Dr. Tam Ngo
Tam Ngo is the leader of the research program “Bones of Contention: Technologies of Identification and Politics of Reconciliation in Vietnam” funded by the Netherlands Organization for Scientific Research.
As a permanent member of the NIOD, she oversees the building up of a research line on the role of religion and science in social healing, environmental reparation, and the politics of reconciliation in postwar contexts. As a social anthropologist, she builds her theoretical framework on a wide range of ethnographic settings that include postwar Vietnam Indochinese refugees in the west, and Vietnamese Chinese refugees in China.
Besides the program “Bones of Contention”, her current research includes projects on the social memory of the 1979 Sino-Vietnamese border war in China and Vietnam (book monograph in preparation), on spiritual heritage and the politics of reconciliation in postwar Vietnam, and the comparison of German refugees from Eastern Europe (1944-1950) to Chinese refugees from Vietnam (1978-1989) (with prof. Peter van der Veer, MPI), on the social embeddedness of genomics, and particularly on the relation between DIOXIN and DNA among communities who have to deal with the footprints of the Vietnam War.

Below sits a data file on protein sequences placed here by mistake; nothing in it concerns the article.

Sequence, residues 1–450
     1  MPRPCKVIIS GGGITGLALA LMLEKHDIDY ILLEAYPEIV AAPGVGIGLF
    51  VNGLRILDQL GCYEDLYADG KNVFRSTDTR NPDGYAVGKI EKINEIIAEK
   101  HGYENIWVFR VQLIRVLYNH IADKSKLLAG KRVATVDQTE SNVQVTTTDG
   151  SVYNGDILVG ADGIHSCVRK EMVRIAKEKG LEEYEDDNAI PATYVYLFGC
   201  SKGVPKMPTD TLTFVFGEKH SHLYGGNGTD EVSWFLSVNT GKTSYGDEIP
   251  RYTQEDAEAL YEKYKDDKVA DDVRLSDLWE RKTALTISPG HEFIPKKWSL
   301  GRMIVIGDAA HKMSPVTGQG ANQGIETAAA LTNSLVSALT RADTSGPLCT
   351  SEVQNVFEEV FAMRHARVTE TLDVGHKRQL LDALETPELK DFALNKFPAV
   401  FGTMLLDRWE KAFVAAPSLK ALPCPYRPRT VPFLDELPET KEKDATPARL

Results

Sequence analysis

She has published widely on various aspects of postwar Vietnam, from mass conversion to Christianity, atheist secularism, war memory and religious nationalism, religion, and peace, Buddhism in the Vietnamese diaspora, the popular deification of Ho Chi Minh, sacred geography, and spiritual warfare.